Own a Piece of Lincoln History

February 12, 2009
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New Lincoln Stamps

If you want an interesting souvenir of Lincoln’s bicentennial just visit your local post office and ask for these stamps.

They were issued February 9, 2009 in four designs depicting various stages of Lincoln’s life. The cost is 42c each. First day of issue was Springfield, IL, but the stamp is now on sale nationwide.

Design details:
Upper left – Lincoln as a rail splitter
Upper right – Lincoln practicing law
Lower left – Lincoln debating Stephen Douglas in the senate race of 1858
Lower right – Lincoln as president during the Civil War


First Airmail Stamp Issued in 1918

May 13, 2008

Ninety years ago on May 13, 1918 the United States Post Office Department issued the first stamp to pay the rate for their new airmail service. Congress had approved the rate on May 6, 1918 and requested they be printed in time for the first flight planned for May 15, 1918. Two million of the stamps were printed.

The stamp depicts a Curtis JN-4 bi-plane or as it was affectionately known the “Jenny”. This plane was used in the delivery of airmail. However, it was not the plane used on the first airmail flight. That plane was the Standard JR-1B. The 24c rate included special delivery along with the airmail. It was not valid for any other kind of mail or postal service. The Scott U.S. Specialized Catalogue, the U.S. philatelist’s bible, lists the stamp in the Airmail section at the back of the regular postal issues. It is catalogue number C3.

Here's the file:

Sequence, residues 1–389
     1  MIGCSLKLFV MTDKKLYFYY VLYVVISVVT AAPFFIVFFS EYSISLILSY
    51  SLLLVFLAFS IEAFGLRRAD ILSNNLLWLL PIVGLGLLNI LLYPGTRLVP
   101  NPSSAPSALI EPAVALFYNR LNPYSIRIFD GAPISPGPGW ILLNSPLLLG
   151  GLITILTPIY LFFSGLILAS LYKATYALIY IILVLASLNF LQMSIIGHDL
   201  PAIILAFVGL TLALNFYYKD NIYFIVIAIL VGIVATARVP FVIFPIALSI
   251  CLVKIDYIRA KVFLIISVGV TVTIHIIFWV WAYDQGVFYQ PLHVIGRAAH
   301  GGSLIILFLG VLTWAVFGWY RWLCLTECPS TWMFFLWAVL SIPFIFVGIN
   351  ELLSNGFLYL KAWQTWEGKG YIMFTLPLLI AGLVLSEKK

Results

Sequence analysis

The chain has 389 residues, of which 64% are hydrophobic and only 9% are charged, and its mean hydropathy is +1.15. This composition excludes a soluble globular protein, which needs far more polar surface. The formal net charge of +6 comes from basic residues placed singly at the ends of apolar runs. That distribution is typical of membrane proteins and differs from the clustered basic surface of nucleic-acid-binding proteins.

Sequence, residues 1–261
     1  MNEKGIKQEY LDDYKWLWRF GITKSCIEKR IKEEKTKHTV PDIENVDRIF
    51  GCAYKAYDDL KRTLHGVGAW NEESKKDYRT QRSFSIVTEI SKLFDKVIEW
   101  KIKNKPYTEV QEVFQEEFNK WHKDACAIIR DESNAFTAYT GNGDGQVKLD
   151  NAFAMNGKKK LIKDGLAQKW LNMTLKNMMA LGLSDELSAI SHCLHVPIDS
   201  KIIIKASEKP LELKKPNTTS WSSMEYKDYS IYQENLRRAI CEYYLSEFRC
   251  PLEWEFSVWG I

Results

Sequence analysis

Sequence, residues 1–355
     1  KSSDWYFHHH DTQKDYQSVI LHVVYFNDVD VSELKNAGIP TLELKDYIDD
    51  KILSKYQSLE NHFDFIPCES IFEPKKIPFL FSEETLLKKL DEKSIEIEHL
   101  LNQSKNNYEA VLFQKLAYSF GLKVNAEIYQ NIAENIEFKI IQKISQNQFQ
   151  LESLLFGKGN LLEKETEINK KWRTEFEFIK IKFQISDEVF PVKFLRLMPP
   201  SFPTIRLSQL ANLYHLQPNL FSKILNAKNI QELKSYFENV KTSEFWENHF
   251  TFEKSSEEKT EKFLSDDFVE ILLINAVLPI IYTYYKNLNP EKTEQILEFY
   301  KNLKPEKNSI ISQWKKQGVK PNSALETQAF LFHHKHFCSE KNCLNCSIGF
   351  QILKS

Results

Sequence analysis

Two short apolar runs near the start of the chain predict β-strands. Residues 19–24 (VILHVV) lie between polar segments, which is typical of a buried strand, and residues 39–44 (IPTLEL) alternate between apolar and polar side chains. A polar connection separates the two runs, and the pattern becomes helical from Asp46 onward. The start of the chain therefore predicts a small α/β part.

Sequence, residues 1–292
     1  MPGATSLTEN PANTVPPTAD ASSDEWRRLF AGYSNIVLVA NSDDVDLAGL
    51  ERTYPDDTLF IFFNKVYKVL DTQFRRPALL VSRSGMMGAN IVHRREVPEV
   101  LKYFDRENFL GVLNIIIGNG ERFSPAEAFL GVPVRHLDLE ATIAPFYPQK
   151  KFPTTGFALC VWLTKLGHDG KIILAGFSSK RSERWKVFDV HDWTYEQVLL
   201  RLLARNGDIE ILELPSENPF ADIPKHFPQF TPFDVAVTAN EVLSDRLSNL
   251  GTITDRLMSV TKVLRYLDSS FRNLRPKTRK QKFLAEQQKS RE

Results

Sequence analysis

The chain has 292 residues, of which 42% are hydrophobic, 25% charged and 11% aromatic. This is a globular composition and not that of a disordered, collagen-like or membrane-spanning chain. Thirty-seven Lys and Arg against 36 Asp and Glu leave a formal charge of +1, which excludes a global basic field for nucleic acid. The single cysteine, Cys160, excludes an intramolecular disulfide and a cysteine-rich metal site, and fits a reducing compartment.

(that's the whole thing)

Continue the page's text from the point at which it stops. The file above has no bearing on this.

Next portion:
William T. Robey, a collector living in Washington, D.C., purchased a sheet of 100 from the post office window. Being an astute collector he noticed the plane in the center of the stamp was inverted (upside down). He returned to the window and asked for more like it. The clerk attempted to get the sheet back as a defect, but Robey refused knowing it might turn out to be worth a bit more. Today a single stamp from this sheet sells at auction for around $200,000 US, and a block of four was auctioned last year for a record $2.97 million US. Robey sold his sheet to Eugene Klein, a dealer in Philadelphia for a reputed $15,000 US which in 1918 was a lot of cash. Considering he paid $24 US (face value for the 100 stamps) he realized a nice return. There has been an entire book written telling the story of the inverted sheet. Only one sheet of 100 was ever found. This inverted stamp is listed in Scott as a variety with catalogue number C3a.

Needless to say I don’t have one of these in my collection.


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